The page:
It’s October, Halloween is coming, and it’s time for chilling stories.
In a post earlier this year I talked about the growing threat of ransomware in hospitals. The attacks continue unabated. Ransomware that prevents access to data and computer systems is magnificently disruptive, potentially dangerous, and is expensive to respond to and resolve. That is particularly true in the US now that the Office of Civil Rights of the Department of Health & Human Services has issued guidance confirming that ransomware attacks may violate the HIPAA Security and Privacy Rules.
The ransomware attacks we’ve seen so far have been bad, but those pale in comparison to others that may be on the horizon.
In recent months we’ve seen reports demonstrating the potential for ransomware attacks against Internet of Things (IoT) devices. White hat hackers have demonstrated that ransomware can infect smart thermostats. Medical devices may be next. A recent report from the Institute for Critical Infrastructure Technology (ICIT) entitled “Combatting the Ransomware Blitzkrieg” sums the problem up well:
IoT devices offer a potential growth bed to any ransomware operation because the devices are interconnected by design and many pointedly lack any form of security. A selection of traditional malware will be too large to ever run on a number of IoT devices, but ransomware, predominantly consisting of a few commands and an encryption algorithm, is much lighter. How much do you predict someone would pay to remove ransomware from a pacemaker? The scenario is not too far-fetched; in fact, it is much more deadly. Many medical devices, such as pacemakers, insulin pumps, and other medication dispersion systems are internet or Bluetooth enabled. Ransomware could utilize that open connection to infect the IoT device.
Before you decide that this scenario is the figment of a TV series writer’s imagination, you should know that such attacks are possible. The US Food and Drug Administration (FDA) has warned about lax cyber security in medical devices, and has issued draft guidance on the subject. Further, researchers have discovered malware infections in a variety of medical devices. According to two reports I’ve seen (here and here), the affected hospitals’ cyber security detection software did not detect the malware because the operating systems used in the computerized medical devices were outdated. The researchers’ most recent report speculates that the malware exists in the majority of medical facilities around the world.
It doesn’t take much imagination to envision the consequences of a ransomware attack on medical devices. They range from a troublesome inability to use hospital equipment while an attack is in progress to the life-threatening and potentially catastrophic effects of an attack on devices such as pacemakers.
What should hospitals and other healthcare providers do to address the ransomware threat to medical devices? In guidance provided in 2013 the FDA recommended that healthcare facilities:
- Restrict unauthorized access to the network and networked medical devices.
- Make certain that appropriate antivirus software and firewalls are up-to-date.
- Monitor network activity for unauthorized use.
- Protect individual network components through routine and periodic evaluation, including updating security patches and disabling all unnecessary ports and services.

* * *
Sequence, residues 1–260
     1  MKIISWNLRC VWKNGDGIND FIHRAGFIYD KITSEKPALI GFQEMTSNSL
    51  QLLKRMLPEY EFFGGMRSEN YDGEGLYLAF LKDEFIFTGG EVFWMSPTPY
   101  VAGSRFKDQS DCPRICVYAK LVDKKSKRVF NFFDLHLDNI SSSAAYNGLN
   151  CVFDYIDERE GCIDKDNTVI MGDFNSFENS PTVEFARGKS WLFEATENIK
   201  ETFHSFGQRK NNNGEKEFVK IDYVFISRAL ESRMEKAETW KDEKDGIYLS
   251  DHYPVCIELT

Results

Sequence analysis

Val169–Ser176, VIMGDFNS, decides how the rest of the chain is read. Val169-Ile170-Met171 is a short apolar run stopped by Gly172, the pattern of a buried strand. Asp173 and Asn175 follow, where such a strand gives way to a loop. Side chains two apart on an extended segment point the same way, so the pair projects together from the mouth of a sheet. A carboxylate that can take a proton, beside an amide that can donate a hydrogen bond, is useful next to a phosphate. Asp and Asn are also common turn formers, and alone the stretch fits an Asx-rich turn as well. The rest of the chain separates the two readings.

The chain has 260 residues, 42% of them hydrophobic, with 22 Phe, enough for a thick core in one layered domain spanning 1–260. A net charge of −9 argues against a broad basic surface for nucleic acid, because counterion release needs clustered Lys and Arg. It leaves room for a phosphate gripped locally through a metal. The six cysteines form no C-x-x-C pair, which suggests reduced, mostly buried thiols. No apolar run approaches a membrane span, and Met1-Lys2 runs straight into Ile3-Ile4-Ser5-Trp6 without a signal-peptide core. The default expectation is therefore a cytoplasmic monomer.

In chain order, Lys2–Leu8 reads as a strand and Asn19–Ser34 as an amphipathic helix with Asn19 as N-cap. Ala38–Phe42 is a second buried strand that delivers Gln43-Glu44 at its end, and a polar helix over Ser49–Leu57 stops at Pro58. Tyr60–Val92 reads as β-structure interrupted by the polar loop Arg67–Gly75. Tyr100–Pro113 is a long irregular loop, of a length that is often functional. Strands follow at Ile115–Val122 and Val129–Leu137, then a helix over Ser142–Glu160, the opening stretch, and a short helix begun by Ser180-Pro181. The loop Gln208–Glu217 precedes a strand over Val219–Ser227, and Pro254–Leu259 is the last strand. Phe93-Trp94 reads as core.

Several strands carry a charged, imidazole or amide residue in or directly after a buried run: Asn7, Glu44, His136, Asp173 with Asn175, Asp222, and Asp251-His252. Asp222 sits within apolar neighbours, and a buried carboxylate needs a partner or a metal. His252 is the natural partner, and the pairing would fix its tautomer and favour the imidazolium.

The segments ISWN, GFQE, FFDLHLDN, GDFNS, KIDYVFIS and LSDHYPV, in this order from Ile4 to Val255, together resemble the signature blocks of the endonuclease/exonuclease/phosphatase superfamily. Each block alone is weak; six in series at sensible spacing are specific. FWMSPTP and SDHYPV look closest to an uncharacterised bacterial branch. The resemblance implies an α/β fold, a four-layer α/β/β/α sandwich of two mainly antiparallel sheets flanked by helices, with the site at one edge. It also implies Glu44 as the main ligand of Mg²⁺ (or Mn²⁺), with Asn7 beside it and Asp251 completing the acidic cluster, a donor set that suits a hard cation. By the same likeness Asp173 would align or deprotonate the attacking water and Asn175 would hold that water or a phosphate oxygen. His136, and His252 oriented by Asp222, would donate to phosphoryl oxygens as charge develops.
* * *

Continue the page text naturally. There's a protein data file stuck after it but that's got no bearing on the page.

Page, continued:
- Contact the specific device manufacturer if the facility believes it has a cyber security problem related to a medical device.
- Develop and evaluate strategies to maintain critical functionality during adverse conditions.
These recommendations are sound, but given the boundless creativity of cyber criminals even healthcare providers that conscientiously follow the FDA’s recommendations and other relevant guidance could experience a ransomware or other malware attack on medical devices.
The good news for healthcare providers is that losses resulting from such an attack can be covered by a well-constructed insurance program. As I mentioned in my post earlier this year, a good cyber policy should cover a provider’s cost to investigate and terminate a ransomware attack. Policies can also cover the financial losses resulting from damage or loss of data, and from the interruption of the company’s business. While cyber policies typically don’t cover bodily injury resulting from a cyber event, I would expect bodily injury claims to be covered under medical professional liability policies.
The insurance picture may be gloomier for manufacturers of medical devices. If an injured claimant alleges that the manufacturer was negligent in producing a device that is vulnerable to a cyber attack, the manufacturer would rely on its general liability policy to respond to the claim. Unfortunately, general liability insurers are seeking to attach exclusions published in 2014 that may eliminate coverage. In the event a general liability policy does not respond for any reason, manufacturers may have no other source of insurance recovery. All is not lost though. Insurers and brokers like Lockton have developed new solutions to provide the necessary coverage.
If you aren’t in the healthcare business, please don’t make the mistake of thinking this post isn’t relevant to you. Ransomware and other malware have been found in other types of IoT devices. The potential for economic losses as well as bodily injury and property damage resulting from such malware is very real. This is a risk that healthcare providers take very seriously. Every company should do the same.
All of that being said, as artists at the Joy of Tech site suggest, there is a lighter side to this.